The easiest way to confuse your audience

(OR, Why you should use terminology management as a business tool)


Do you spend a lot of time writing business materials for your company? This could be web copy, sales and marketing collateral, reports, presentations or white papers.


You focus on the content, tone, style and presentation of your writing to make sure your words have the greatest impact.


But do you stop to think that you might be unintentionally complicating your message, confusing your readers and in turn, increasing your translation costs?




Why words matter…


‘Bad terminology is the enemy of good thinking’ – Warren Buffett


Every industry has its own internal style of communication. To an outsider, it’s just jargon, to an insider, it’s a way of effectively communicating valuable information, shared knowledge and industry-specific concepts.


Often the language used a specialised field of activity has a different meaning from that used in everyday communication. For example, in the oil and gas industry, Christmas Trees, rams, and fishing don’t mean the same thing you and I probably think they do.


Most companies will use some sort of company-specific language to describe the products and services they offer, as well as distinguish these from comparable products produced by their competitors.


Even within a single company, the terminology used by the product development, marketing, production, and sales teams to refer to the exact same item might all be different.


That’s why you should think about terminology management. Because getting it right can strengthen your company’s communication, making it more effective, as well as reinforcing your brand identity and company culture.




So what is terminology management?


It’s a series of processes and tools used to organise terminology within a field of activity.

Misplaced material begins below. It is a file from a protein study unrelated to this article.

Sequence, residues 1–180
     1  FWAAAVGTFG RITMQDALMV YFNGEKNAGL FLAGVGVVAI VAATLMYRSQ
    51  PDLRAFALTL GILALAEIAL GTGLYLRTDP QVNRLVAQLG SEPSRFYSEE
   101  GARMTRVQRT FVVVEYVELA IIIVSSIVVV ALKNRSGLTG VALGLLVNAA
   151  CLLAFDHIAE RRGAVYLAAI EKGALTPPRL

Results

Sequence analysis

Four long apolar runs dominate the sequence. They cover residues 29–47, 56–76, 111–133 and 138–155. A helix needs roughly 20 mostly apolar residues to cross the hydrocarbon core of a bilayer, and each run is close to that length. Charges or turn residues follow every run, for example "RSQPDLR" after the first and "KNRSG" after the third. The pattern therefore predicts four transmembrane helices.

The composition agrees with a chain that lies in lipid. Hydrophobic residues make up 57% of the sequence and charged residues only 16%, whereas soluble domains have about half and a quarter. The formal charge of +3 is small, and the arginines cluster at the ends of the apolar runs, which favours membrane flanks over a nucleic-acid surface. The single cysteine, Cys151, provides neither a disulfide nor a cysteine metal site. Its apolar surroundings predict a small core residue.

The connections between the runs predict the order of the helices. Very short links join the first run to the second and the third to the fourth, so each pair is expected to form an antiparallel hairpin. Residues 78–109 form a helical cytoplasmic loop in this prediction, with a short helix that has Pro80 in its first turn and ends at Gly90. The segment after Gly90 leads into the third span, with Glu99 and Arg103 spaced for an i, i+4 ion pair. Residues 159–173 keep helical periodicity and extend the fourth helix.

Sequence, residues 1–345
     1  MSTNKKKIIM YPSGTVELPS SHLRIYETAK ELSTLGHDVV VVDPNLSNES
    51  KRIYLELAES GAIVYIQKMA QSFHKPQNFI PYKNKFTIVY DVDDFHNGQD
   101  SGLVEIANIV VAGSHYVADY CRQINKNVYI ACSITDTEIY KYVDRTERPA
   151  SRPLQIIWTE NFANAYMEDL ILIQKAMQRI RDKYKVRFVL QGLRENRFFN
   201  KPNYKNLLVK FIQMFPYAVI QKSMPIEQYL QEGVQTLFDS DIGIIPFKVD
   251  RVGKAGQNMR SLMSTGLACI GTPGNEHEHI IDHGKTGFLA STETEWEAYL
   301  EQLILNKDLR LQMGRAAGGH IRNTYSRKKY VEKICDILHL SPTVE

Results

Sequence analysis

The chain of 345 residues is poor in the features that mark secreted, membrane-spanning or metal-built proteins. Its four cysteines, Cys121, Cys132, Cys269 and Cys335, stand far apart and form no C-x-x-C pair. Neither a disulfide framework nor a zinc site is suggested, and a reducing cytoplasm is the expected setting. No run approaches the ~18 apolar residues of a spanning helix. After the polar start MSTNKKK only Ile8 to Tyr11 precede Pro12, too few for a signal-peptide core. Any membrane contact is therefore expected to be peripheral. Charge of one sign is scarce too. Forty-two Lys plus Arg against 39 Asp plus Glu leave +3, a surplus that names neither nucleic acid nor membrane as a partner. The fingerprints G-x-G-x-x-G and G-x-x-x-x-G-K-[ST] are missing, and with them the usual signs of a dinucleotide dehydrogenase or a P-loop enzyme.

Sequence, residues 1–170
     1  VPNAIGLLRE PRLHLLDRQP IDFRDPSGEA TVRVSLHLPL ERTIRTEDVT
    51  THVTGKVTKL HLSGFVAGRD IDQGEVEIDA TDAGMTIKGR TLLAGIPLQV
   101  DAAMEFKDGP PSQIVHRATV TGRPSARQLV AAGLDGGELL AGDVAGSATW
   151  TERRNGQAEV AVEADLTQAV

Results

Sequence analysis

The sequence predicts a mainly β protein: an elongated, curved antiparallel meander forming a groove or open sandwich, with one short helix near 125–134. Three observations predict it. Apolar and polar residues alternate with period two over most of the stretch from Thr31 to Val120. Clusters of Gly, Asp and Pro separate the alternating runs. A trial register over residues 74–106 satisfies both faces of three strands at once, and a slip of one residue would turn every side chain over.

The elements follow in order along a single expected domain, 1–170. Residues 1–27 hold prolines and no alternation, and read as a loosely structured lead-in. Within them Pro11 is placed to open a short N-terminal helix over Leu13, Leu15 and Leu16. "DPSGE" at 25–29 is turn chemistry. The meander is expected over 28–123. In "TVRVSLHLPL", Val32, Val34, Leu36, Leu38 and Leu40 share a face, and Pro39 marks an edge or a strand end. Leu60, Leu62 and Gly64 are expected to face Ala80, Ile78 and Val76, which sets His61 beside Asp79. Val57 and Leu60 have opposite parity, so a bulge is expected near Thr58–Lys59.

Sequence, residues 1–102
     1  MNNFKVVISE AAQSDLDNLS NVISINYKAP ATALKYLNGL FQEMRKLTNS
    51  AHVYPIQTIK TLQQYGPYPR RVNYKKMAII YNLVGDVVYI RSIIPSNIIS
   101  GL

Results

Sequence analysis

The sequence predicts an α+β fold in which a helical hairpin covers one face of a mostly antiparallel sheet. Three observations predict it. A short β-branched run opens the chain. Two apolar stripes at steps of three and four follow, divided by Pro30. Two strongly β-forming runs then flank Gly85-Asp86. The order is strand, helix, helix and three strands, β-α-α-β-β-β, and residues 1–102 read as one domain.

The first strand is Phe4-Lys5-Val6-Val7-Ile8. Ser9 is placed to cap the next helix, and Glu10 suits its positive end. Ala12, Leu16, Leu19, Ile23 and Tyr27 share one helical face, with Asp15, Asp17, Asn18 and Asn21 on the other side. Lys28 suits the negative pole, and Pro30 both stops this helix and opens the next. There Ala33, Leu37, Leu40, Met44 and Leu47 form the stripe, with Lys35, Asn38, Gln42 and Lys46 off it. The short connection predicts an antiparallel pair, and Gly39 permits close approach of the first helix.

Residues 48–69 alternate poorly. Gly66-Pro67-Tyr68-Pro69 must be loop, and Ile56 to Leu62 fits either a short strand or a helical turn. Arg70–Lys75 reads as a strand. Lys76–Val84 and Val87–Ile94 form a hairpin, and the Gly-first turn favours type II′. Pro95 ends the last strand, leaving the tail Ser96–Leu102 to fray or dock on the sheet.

Effective terminology management plays a significant role in harmonising the language used across your business.


Although it might not seem to be a priority compared with other business activities, such as creating stimulating content, developing lean and agile production processes, or adhering to regulatory standards, the cost to an organisation for failing to consider terminology management can be substantial.


Time and money can easily be wasted – and in some industries, lives endangered – when individuals communicate at cross-purposes.


Inconsistent use of terminology can cause confusion and misunderstanding, increase the number of customer service issues, or increase the time and cost of completing translations.

It can also look scruffy when terms are used inconsistently, giving the impression that your business just doesn’t really care enough to pay attention to detail.


‘The beginning of wisdom is the definition of terms’ – Socrates


On the other hand, good terminology management provides everyone in an organisation with a common language and makes communication more effective and efficient. It creates a sense of identity and shared purpose, making sure that communication is consistent.


Terminology management aims to standardise the language used so that concepts are clearly expressed.


Of course, we all have our own individual language preferences, but compromise is important because what really matters is that an agreement is reached on the most suitable terms to use and that everyone buys into the principle that the terminology is used consistently.


Every language has a rich store of synonyms that can be used interchangeably. But in some situations, synonyms can cause unnecessary confusion to the reader who then thinks: ‘Are we still talking about the same thing or are we now talking about something different?’


We might pride ourselves on being able to use a rich and extensive vocabulary (it panders to our ego) but the reality is that most business communication needs to be written in plain, simple language to facilitate easy comprehension and communication. (Don't confuse plain language with 'dumbing-down' language, it's not the same thing).



Plan, plan, plan


Initially, it may take a lot of planning to design a terminology management system. You will want to think about the role it will play in your organisation, analyse the resources you currently have, identify and involve key stakeholders and decide how to finance the development and maintenance of the system.


However, once these steps have been taken, creating the terminology lists and style guides may be straightforward. These can be shared with your translators to ensure consistency across the different languages used in your company.


In the long term, it will benefit and contribute to clearer and more effective communication both inside and outside your organisation.


If you would like more information about how to implement a terminology management system into your business processes, please contact me for a no-obligation chat.